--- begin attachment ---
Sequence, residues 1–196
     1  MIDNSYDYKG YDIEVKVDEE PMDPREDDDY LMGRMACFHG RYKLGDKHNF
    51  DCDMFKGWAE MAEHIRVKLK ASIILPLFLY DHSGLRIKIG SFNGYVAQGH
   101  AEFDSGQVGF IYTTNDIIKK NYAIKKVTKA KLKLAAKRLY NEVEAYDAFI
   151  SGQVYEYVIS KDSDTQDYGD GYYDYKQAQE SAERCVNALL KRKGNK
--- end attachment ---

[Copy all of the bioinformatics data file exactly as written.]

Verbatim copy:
Sequence, residues 1–196
     1  MIDNSYDYKG YDIEVKVDEE PMDPREDDDY LMGRMACFHG RYKLGDKHNF
    51  DCDMFKGWAE MAEHIRVKLK ASIILPLFLY DHSGLRIKIG SFNGYVAQGH
   101  AEFDSGQVGF IYTTNDIIKK NYAIKKVTKA KLKLAAKRLY NEVEAYDAFI
   151  SGQVYEYVIS KDSDTQDYGD GYYDYKQAQE SAERCVNALL KRKGNK